The groovesters of "Groove" are, yes, grooving. A day after Sony Pictures Classic snapped up the low-budget slice-of-rave-life flick, the film's players were partying in the streets here this afternoon. And to hear one of its stars tell it -- this was situation normal, big-time movie deal or no.
"We've been partying since Day One of shooting and that's all it was, was 28 days in a warehouse, dancing 18 hours a day," actor Steve Van Mormer told Hollywood.com while dancing atop the SUV-anointed "Groove" Mobile. "And we haven't stopped since."
Not that the Sony deal hasn't made the day of even the most veteran party animals.
"It is unfathomable," said Van Wormer, who plays a club promoter in the flick. "It was always in the back of our minds, but it's a total, total dream. ... It's unbelievable. I don't even know what else to askfor."
Meanwhile, in other Park City happenings:
BIG "BUCK": "Chuck & Buck," a different kind of buddy film starring the directing-producing brothers behind 1999 summer smash "American Pie," was bought today -- reportedly for $1 million-plus -- by Artisan Entertainment, the distributor behind that other 1999 summersmash, "The Blair Witch Project." The deal was completed after the "Groove" one, leaving that film with the distinction of being the first Park City buy. "Chuck & Buck," with hot "Pie" sibs Chris and Paul Weitz, is the second feature from Miguel Arteta, who became a Sundance star with 1997's "Star Maps."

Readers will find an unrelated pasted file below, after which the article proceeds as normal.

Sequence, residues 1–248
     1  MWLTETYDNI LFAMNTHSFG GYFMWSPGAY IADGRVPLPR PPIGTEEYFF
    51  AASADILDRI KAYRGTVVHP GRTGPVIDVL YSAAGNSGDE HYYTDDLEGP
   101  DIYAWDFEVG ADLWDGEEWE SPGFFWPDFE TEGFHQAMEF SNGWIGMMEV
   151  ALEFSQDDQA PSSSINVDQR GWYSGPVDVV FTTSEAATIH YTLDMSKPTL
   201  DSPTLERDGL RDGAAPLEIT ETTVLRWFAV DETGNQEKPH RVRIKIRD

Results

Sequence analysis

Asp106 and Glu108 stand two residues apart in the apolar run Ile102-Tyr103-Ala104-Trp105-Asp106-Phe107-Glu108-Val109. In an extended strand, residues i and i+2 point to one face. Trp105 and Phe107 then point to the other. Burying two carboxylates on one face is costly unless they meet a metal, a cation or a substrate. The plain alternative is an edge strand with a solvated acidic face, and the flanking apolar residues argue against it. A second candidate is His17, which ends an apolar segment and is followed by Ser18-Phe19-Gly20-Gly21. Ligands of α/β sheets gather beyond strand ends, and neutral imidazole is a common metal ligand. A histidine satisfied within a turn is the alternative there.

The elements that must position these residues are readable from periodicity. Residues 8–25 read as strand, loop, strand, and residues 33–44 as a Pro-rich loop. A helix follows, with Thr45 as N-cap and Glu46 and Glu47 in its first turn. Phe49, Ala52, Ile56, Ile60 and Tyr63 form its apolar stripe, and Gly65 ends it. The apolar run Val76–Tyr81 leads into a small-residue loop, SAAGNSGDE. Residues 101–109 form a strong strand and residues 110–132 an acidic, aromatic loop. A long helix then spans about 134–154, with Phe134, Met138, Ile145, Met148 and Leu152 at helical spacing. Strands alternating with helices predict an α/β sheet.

GOLDEN GLOBES? WHAT GOLDEN GLOBES? OK, so tonight's official Sundance party was billed as the DirecTV Golden Globes party -- except, like, it started at 9 p.m. local time (or roughly just as the award show was ending) and, like, nobody cared anyway.
Reports Hollywood.com's Gerry Katzman: "Fifty percent of the people there had very little concept that the Golden Globes were even going on." The other half were juiced that Alan Ball took a Globe for his screenplay for "American Beauty" (almost like an indie -- except for the DreamWorks part).